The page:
‘The strange thing about life is that though the nature of it must have been apparent to every one for hundreds of years, no one has left any adequate account of it.’ –Virginia Woolf
Back in 2009, The Millions started its “Difficult Books” series–devoted to identifying the hardest and most frustrating books ever written, as well as what made them so hard and frustrating. The two curators, Emily Colette Wilkinson and Garth Risk Hallberg, have selected the most difficult of the most difficult. […]
To The Lighthouse by Virginia Woolf - In its intermingling of separate consciousnesses, Virginia Woolf’s fiction is both intellectually and psychically difficult. Not only is it hard to tell who’s who and who’s saying or thinking what, it is also disconcerting—even queasy-making—to be set adrift in other minds, with their private rhythms and associative patterns. It feels, at times, like being occupied by an alien consciousness. […]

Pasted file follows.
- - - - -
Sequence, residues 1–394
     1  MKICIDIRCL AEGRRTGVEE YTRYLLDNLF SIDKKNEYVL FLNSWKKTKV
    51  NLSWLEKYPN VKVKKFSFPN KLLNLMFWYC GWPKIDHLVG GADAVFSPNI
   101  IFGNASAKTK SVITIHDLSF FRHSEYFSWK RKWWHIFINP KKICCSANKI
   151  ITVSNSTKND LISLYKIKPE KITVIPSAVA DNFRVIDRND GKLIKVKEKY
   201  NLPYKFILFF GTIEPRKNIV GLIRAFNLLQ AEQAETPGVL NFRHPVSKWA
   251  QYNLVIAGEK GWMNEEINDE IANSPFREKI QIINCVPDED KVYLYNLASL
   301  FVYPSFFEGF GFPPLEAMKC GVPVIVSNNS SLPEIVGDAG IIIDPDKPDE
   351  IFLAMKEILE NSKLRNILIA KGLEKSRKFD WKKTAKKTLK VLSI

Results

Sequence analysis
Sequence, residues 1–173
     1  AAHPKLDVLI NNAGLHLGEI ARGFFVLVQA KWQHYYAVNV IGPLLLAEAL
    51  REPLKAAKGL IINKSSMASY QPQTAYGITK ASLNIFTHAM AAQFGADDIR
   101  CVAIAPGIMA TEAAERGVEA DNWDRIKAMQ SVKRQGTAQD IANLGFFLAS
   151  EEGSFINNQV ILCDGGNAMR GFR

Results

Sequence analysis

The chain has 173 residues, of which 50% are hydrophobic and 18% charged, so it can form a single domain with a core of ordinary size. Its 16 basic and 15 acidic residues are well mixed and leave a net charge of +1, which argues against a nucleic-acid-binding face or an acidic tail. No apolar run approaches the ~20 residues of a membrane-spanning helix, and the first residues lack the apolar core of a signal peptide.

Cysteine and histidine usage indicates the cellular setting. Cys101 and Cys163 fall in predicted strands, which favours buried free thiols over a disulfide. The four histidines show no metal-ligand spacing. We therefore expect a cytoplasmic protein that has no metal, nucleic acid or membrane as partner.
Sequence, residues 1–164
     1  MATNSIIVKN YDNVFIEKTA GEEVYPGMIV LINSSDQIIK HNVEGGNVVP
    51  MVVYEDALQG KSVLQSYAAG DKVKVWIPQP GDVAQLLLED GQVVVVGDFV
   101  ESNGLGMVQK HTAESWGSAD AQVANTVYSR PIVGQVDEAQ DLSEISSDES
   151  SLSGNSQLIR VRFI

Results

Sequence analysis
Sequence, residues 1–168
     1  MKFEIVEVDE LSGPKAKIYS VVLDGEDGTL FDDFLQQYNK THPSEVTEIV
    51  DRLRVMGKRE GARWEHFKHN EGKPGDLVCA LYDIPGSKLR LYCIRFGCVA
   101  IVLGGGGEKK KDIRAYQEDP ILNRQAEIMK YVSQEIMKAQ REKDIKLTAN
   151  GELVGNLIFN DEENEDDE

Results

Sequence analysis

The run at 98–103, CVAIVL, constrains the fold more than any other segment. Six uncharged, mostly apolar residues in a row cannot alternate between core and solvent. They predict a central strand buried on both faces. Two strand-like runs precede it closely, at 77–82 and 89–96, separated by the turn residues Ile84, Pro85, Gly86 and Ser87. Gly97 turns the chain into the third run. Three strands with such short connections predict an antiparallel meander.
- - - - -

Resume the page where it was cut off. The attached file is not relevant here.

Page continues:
Women & Men by Joseph McElroy - In this space I could put any number of postmodern meganovels - a subgenre I’ve been smitten with for many years now. There’s William Gaddis’ JR, which is easier than people make it out to be, and Pynchon’s Gravity’s Rainbow, which is harder. There’s The Recognitions and Mason & Dixon. There’s William H. Gass’ The Tunnel - verbally lucid, but morally arduous. Of the lot, though, I’d like to shine the spotlight again on Joseph McElroy’s Women & Men. It is longer than any of the foregoing, and, in the idiosyncracies of its prose, on par with the hardest. Parts of it, anyway. Its temperament, though, is completely sui generis - warm, humanist, synthetic rather than analytic.